Leg Pain and Sciatica
Sciatica is a severe pain in the leg caused by compression, irritation, or inflammation of the sciatic nerves, which are thick nerves extending down the back of each leg. Each sciatic nerve consists of five smaller nerves extend from the lower spinal column, and then join together and travel down the legs. The sciatic nerves divide into tiny smaller nerves travel to the knew, foot, toes, calf, and thigh. The inflammation of any of these nerves is called sciatica.
People with sciatica can sometimes experience shooting pains down the leg and into the foot and toes, and other times a dull ache or numbness. Sciatica is caused by many things. Sitting at a desk for long periods of time in one position can exacerbate the pain. Exercise can make the pain worse. Tennis or golf and other twisting activities can cause sciatica pain to flare up. Sometimes, the pain may be in both legs, and other times it may alternate from one leg to the other.
Causes Of Sciatica
The sciatic nerve is very long, so there are many places along its length at which the irritation may occur. One place is the lower back. Often, a misaligned lumbar vertebra puts pressure on the nerve, causing the pain. This misalignment is called a subluxation. For further discussion of subluxations, click here.
Disc herniation can also cause sciatica. Discs are the "shock absorbers" between the vertebrae of the spine. They are cartilage-like cushions that occupy the spaces between the vertebrae which allow the back to turn and bend normally. If you've been injured in a car accident, or from a fall, one or more of your discs may now be bulging out one side of the spine. This is what is called a "slipped disk," or disc herniation.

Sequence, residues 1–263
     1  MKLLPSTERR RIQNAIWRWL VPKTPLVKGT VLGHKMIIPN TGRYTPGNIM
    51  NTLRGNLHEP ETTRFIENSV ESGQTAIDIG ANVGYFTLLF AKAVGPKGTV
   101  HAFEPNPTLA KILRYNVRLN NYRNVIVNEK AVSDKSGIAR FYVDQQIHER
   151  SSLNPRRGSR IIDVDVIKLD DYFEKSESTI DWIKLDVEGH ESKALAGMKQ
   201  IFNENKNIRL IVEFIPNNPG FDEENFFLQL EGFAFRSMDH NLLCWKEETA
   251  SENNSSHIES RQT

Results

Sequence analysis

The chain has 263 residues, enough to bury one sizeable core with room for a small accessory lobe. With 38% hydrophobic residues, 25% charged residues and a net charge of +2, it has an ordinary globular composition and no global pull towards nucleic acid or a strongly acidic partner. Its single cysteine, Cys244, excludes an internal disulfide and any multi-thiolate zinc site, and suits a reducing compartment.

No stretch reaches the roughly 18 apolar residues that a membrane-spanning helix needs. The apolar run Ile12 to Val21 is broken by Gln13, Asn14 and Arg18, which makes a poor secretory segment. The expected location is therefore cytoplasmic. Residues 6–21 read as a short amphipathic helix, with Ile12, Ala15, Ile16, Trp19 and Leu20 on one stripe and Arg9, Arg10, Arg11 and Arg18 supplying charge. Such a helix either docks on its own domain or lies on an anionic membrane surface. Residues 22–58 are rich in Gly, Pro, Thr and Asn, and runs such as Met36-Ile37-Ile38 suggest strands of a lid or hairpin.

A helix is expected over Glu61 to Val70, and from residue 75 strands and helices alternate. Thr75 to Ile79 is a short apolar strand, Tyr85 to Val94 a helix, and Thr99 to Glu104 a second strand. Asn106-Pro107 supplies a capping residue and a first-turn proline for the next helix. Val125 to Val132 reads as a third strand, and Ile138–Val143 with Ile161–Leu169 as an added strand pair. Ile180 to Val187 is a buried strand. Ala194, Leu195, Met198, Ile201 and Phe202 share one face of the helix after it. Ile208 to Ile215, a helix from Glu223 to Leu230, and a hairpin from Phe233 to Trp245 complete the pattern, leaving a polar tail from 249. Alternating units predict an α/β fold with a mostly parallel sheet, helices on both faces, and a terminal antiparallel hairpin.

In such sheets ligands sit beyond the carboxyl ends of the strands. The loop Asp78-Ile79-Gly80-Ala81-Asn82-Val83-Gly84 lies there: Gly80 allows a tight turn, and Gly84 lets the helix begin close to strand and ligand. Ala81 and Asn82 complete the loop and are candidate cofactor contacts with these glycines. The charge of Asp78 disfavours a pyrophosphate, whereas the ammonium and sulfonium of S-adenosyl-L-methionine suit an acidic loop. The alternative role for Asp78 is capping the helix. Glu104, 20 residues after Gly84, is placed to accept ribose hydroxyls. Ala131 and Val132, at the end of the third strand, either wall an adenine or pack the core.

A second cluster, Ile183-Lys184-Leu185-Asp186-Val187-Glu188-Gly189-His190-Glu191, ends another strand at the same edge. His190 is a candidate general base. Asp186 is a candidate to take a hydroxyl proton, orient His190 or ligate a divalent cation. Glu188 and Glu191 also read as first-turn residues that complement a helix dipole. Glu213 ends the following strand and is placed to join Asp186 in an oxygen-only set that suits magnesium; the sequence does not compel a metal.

Sciatica usually begins as an sharp pain in the lower back. Eventually, the pain stretches down the back of the leg, and gets worse when you sit or stand in one position for a long period of time.
Treatment For Sciatica
Medical doctors normally treat this condition by loading patient up on pain killers, telling the patient that the condition may go away naturally. This seldom happens, and the net result is that the patient's liver, kidney, or stomach lining, are damaged by the long-term use of drugs. The better approach is the chiropractic one.
The doctor will treat your sciatica by finding the location of nerve irritation, and can relieve the pressure on the nerve, allowing the body to heal itself naturally.
JA February 5, 2005
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